Sharing stories over lava bombs

Sharing stories over lava bombs

Actions and Detail Panel


Date and time



13 Rose Road

Auckland, Auckland 1021

New Zealand

View map

What does a lava bomb have to say about place? Rebecca Ann Hobbs and Harriet Stockman hikoi to Opoutukēha Grey Lynn Park to find out.

About this event

In 2016, Rebecca Ann Hobbs and Harriet Stockman collaborated on a series of lava bomb replicas made with rubber, with the aim of throwing and then gifting them to participants of a walking performance at Rangipuke Albert Park. For twisting, turning, winding: takatāpui + queer objects, Hobbs and Stockman offered a lava bomb replica as their contribution to the exhibition.

For this event, Hobbs and Stockman extend this kaupapa to Opoutukēha Grey Lynn Park. Beginning at Objectspace, this hikoi will take participants to Opoutukēha Grey Lynn Park where they will come together and share stories over lava bombs.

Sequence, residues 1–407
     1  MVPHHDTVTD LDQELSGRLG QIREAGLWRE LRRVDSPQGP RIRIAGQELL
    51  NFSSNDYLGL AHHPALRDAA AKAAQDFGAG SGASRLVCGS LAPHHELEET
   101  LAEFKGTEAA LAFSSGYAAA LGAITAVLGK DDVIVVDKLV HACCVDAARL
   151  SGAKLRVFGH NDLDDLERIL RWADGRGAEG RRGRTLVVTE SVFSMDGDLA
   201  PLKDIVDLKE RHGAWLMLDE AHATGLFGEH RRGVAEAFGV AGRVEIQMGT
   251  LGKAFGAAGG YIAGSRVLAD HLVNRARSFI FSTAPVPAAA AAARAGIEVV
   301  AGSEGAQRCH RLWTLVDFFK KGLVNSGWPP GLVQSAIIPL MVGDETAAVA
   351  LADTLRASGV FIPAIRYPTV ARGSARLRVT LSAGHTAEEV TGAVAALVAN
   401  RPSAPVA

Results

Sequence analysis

The artists hope this will be an opportunity to learn more about the whenua of Opoutukēha Grey Lynn Park and each other.—

Originally from Black River, Wulgurukaba country in far north Queensland, Australia, Rebecca Ann Hobbs has lived in Aotearoa since 2005. Her socially located research practice prioritises collaboration to create interdisciplinary artworks that celebrate dynamic bodies and their relationship with specific sites. As an educator, she affirms diverse standpoints through methods that are collaborative, consultative, contextual, embodied, experiential, and reciprocal.

Harriet Stockman was born in Tāmaki Makaurau Auckland and grew up in Hokianga. Her art practice is led by making, sharing, supporting, relationships, technicity, event, object, and installation. Her shifting focus is led by her interests and the needs of varying projects, however, a consistent companion to this milieu is clay and its associated environs. Stockman is a founding member of the Public Share Collective.

Sharing stories over lava bombs image

Share with friends